The beat goes on at UNCG’s beloved summer music camp
By Billy Ingram
Photographs by Lynn Donovan
When John Locke came aboard as UNCG’s director of bands in 1982, he approached local music educators about the university’s vision of conducting a yearly summer music camp for youngsters. Outside of Robert Blocker, newly hired dean of the School of Music, no one believed this was in any way a sound idea, much less feasible. Like many of his colleagues, longtime band director at Page High School, Charles Murph, was blunt when presented with the concept. “John, I really like you,” he said. “But this is never gonna work.”
And yet, in 2023, UNCG’s Summer Music Camp will celebrate its 40th anniversary. It’s the largest university music camp in America, attracting more than 2,000 middle and high school students from around the globe for two, one-week sessions of intensive training across a wide spectrum of musical disciplines. Camp culminates with a series of Friday night orchestral and band concerts, along with piano and choral recitals, for audiences numbering into the thousands.
As preparations were underway this summer, I spoke with former camp educators, counselors and attendees in an effort to understand this phenomenon, to discover what it takes to string together one of this musical city’s most important yearly events, one that not only contributes greatly to our local economy, but, more importantly, expands Greensboro’s cultural footprint.
John Locke, Summer Music Camp Director 1983-2018: The director of bands position came open at UNCG in 1982, I was the first one to interview . . . The new dean of the School of Music, Robert Blocker, looked at my resume and saw that I’d headed a music camp at Southeast Missouri State and he was thinking, “This is exactly what UNCG needs.”
Edward DeMattos, Summer Music Camp Attendee, 1996-2001: I went to UNCG’s music camp from sixth grade to 10th grade. It was a family thing. My brother and sister both attended summer music camp before — and at the same time — as me. They absolutely loved it and would come home every summer raving about it, so I couldn’t wait to go.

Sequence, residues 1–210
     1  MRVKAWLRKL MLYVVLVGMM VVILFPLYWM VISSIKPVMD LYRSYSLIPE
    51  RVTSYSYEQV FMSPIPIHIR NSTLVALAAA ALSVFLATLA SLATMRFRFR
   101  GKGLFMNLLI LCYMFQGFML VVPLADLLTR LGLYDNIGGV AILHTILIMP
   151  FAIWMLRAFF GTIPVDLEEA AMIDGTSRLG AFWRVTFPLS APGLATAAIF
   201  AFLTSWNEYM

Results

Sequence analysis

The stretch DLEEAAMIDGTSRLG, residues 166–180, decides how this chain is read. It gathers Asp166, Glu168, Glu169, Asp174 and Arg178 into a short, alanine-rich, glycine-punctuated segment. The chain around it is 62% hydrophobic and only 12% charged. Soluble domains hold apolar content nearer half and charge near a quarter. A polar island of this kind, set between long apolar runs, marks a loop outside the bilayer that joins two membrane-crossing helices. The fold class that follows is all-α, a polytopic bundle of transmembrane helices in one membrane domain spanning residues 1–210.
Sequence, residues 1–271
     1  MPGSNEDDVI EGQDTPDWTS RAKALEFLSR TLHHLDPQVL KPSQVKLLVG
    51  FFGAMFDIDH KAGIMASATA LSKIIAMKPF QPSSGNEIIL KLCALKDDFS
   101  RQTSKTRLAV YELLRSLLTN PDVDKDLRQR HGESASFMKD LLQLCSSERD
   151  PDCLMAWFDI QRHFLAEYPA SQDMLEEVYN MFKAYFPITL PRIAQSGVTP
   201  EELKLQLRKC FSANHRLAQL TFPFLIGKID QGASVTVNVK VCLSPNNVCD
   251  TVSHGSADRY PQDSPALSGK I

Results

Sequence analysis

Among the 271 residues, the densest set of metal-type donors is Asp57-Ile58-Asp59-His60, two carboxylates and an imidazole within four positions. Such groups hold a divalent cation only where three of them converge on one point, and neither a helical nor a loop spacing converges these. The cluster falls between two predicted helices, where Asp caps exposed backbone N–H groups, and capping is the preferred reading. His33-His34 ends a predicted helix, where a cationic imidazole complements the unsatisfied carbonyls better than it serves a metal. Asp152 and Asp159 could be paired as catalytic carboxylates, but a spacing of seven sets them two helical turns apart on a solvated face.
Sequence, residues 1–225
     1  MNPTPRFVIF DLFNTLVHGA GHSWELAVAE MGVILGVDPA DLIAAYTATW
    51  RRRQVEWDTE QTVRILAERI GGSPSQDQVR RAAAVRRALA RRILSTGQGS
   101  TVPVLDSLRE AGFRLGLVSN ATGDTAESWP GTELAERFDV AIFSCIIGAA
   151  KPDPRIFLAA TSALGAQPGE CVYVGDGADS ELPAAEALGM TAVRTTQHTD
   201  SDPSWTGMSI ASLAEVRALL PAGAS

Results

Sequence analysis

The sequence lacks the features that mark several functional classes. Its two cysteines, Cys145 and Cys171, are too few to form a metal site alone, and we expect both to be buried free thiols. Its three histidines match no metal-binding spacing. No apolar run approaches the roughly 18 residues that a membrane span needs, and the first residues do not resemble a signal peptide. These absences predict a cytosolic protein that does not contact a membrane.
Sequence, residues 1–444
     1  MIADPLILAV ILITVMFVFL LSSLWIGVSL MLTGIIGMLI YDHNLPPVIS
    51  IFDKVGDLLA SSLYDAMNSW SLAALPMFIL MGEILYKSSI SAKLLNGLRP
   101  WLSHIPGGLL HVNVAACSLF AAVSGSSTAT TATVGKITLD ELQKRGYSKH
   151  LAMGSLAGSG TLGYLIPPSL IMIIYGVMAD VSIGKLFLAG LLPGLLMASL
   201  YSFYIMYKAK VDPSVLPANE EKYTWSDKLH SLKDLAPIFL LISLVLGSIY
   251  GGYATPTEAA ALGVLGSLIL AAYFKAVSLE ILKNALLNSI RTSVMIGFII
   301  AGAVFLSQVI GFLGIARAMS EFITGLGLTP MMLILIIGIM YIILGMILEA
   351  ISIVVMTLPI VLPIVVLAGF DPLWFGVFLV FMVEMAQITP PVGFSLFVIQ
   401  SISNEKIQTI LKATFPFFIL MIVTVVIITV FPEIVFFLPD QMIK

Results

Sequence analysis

John Locke: The campus faculty, the band directors in town at Page and Grimsley high schools all said, “I’m telling you now, it’s not gonna work.” There was a popular music camp at Appalachian in 1982 and a big camp at East Carolina that had populated the state with its band director graduates, so [ECU would] get the good kids. UNCG’s first summer music camp was 1983. We had 361 students. Then we had 750 or so the second year, 980 the third year, and we never looked back.
Melissa Capozio Jones, Summer Music Camp Counselor 2012-14: They obviously hire a lot of the music students as counselors and I was one of them. A little stressful, definitely a little underpaid, but just a lot of fun, especially for someone who was majoring in music education. Having the opportunity to run sectionals and work with the students was like a crash course in teaching, too.
John Locke: When we sent out applications, everybody knew to get those things in the mail quickly. “Write the $40 deposit check, Mom. I gotta take it to get my band director’s signature and you better put it in the mail tomorrow ‘cause if I don’t get in I’m not speaking to you for the rest of my life.” It was a hot ticket. We got up to 2,000 students every summer, and even had a thousand more on the waiting list.
Kevin Geraldi, Associate Camp Director 2005-21: My first summer working with the music camp was July of 2005. I accepted a position as an assistant professor in the School of Music and assistant associate director of bands. John Locke brought me in and I started working for the camp right away, before I ever taught a day in the School of Music.
Kamala Lee, Summer Music Camp Attendee 2002: I played clarinet. I guess because I kind of paid attention in class so I got to go. At camp, in one week, I went from playing really easy sheet music to playing stuff that I never thought I would ever be able to play. Looking back on it, and even hearing it again, we played a Shrek medley and it was awesome. It didn’t sound like a bunch of middle schoolers playing.